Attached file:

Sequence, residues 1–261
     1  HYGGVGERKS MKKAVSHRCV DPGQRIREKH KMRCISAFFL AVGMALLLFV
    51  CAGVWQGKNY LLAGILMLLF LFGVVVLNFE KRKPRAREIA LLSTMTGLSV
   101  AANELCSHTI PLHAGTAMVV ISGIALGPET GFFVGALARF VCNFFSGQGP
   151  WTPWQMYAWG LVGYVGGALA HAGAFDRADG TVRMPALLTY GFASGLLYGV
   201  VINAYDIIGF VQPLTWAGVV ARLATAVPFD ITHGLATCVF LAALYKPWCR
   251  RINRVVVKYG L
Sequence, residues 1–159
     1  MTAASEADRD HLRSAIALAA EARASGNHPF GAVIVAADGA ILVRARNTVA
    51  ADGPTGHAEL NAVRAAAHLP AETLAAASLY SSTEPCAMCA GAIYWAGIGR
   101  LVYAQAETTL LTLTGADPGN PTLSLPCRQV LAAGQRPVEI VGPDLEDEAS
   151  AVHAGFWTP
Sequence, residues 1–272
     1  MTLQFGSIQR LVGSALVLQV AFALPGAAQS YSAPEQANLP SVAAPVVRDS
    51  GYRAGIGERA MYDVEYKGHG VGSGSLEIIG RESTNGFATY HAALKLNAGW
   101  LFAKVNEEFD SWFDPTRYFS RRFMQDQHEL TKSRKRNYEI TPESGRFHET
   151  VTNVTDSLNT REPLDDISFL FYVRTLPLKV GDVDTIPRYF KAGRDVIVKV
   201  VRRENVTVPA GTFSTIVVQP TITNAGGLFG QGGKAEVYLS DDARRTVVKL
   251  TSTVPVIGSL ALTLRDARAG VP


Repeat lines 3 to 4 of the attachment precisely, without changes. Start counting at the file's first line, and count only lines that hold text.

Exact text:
    51  CAGVWQGKNY LLAGILMLLF LFGVVVLNFE KRKPRAREIA LLSTMTGLSV
   101  AANELCSHTI PLHAGTAMVV ISGIALGPET GFFVGALARF VCNFFSGQGP